RAAF Supermarine Walrus 11 HD874 Snow Goose –
The Heard Island Walrus
During 1947-48, Australia’s first post-World War II Antarctic expedition was to Heard Island led by RAAF Group Captain Stuart Alexander Caird Campbell (1903-1988). Heard Island and the nearby McDonald Islands are barren, volcanic sub-Antarctic islands, located in the Southern Ocean about 4,000 kilometres south-west of the Australian mainland and over three quarters of the way from Fremantle to the Australian base at Mawson in Antarctica. The 1947 expedition was to establish a weather station, take cosmic ray measurements and undertake geological and topographic surveys. The expedition arrived at Heard Island on 11 December 1947 on the 2 300 tons His Majesty’s Australian Landing Ship-Tank 3501 (later renamed HMAS Labuan under Lt Commander George Manley Dixon DSC RANVR (1899-1978).
HMA LST 3501 was built by Canadian Vickers at their shipyard in Montreal, Quebec and launched in August 1944. She served with the Royal Navy during World War II and was commissioned into the Royal Australian Navy in July 1946. LST 3501 had a length of 105 metres, a beam of about 17 metres and a draught of about 4 metres. She had a range of 10 000 nautical miles at 10 knots and carried a wartime complement of 104 personnel. She was renamed HMAS Labuan on 16 December 1948 and decommissioned in September 1951.
At Atlas Cove, Heard Island on 26 December 1947, Group Captain Campbell made a declaration to take occupation of Heard Island and the McDonald Islands for His Majesty’s Government of the Commonwealth of Australia.
Map of Heard Island showing Atlas Cove and
Map source: Australian Antarctic Data Centre (Map 13099).
Location Map for Heard Island.
Map source: Australian Antarctic Data Centre (Map 14237).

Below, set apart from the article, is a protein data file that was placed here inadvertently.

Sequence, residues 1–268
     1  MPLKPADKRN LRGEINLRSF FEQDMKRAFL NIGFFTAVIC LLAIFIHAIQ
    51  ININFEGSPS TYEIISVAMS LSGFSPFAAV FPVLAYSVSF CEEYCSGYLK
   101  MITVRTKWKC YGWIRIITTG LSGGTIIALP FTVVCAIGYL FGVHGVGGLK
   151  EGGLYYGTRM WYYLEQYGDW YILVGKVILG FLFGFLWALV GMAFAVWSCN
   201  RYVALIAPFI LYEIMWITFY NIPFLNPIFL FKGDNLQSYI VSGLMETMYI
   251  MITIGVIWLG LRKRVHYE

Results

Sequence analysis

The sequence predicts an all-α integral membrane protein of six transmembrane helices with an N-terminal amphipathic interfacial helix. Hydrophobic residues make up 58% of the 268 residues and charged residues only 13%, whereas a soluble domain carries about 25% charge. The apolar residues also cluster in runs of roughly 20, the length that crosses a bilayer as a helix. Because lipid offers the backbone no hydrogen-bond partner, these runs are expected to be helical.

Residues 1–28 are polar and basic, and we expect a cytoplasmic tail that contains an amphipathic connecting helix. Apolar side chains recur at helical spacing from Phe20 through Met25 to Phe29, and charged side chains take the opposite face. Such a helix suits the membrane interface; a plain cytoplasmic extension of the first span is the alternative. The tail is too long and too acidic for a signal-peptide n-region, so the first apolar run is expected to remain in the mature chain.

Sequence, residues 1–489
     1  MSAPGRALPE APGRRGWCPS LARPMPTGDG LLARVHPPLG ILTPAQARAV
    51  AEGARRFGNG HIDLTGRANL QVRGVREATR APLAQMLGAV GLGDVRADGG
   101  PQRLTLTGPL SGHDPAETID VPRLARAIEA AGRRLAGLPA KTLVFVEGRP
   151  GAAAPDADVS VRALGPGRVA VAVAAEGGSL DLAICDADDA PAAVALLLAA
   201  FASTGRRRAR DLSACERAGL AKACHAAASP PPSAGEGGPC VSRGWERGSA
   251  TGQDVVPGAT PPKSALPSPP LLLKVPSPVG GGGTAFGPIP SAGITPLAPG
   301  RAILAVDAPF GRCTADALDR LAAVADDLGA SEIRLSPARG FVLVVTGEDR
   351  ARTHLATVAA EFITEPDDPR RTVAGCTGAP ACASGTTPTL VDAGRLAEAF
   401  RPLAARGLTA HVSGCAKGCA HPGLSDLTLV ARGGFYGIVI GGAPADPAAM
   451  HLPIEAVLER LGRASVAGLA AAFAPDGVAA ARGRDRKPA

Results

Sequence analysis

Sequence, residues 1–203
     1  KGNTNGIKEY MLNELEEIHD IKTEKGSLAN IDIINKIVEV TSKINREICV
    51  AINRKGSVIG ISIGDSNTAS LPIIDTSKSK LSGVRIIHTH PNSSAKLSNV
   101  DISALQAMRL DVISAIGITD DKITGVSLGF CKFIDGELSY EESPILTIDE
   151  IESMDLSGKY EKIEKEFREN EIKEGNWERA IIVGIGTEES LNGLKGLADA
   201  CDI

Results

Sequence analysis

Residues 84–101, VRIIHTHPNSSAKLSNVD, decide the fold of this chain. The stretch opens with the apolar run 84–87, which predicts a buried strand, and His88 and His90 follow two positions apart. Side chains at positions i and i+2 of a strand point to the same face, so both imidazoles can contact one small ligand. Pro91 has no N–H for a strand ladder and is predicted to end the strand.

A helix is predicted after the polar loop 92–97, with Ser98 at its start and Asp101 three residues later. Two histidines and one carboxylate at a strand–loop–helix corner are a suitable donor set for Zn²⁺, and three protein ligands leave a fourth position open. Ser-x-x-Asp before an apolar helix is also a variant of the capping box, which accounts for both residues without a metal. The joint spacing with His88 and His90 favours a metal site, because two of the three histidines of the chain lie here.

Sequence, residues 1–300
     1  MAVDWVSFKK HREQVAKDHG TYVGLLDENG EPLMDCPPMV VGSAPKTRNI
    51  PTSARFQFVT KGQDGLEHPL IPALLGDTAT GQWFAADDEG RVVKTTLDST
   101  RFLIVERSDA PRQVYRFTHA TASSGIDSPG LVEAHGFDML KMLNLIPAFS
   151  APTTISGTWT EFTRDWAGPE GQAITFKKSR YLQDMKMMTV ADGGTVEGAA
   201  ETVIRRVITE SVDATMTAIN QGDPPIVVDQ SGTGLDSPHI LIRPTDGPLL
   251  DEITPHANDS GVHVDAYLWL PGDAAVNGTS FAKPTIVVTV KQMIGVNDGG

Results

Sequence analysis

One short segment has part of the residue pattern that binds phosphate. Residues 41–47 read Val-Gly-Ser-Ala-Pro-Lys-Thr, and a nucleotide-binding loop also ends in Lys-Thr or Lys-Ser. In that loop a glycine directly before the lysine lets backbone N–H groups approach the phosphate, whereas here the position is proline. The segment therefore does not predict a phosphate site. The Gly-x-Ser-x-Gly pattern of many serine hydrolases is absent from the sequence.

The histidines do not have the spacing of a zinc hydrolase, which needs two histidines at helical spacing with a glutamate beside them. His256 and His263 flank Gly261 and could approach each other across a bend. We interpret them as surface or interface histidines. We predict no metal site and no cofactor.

Walrus aircraft on 1947-48 Heard Island expedition
An RAAF Supermarine Walrus 11 HD874 Snow Goose (a 1930s design amphibious biplane powered by a single 775 horse power Bristol Pegasus engine) was to be engaged in aerial photography and reconnaissance flights over Heard Island. The aircraft arrived at Heard Island with the expedition on 11 December 1947 onboard HMALST 3501.
RAAF Antarctic Flight personnel
The 1947-48 RAAF Antarctic Flight personnel were Squadron Leader RHS Gray, Petty Officer TW Lidell (RAN), Corporal RD Jones, Leading Aircraftman B Meek and Leading Aircraftman CE Short. Also part of the RAAF Flight was the dedicated Walrus aircrew namely: pilot Flight Lieutenant Malcolm Donald Smith (1921-1948), camera operator Warrant Officer P Swan and wireless operator Warrant Officer George Charles Dunlop. There was also a civilian camera operator: David Eastman.
Atlas Cove Heard Island December 1947 showing Walrus HD874 and HMALST 3501-an ANARE image
1947 Flight at Heard Island-features named
The Walrus aircraft carried out one reconnaissance flight of one and half hours duration on 13 December 1947. The flight went over Mawson Peak on Big Ben that was found to be 2,000 feet higher than charted. Also Winston Lagoon was discovered by Flight Lieutenant Smith as he made that first and only flight. Winston Lagoon is enclosed by rock, ice and moraine (glacial debris) on the south west coast of Heard Island. Winston Glacier takes its name from Winston Lagoon into which the glacier flows. Malcolm Smith’s wife was named Winston so it appears that both features may have been named for her.
Rayner Rib a narrow rock ridge to the south of Ross Bluff on the Winston Glacier was later named for helicopter engineer Roy Rayner (1930-1981) for his contribution to the success of the 1980 National Mapping expedition to Heard Island.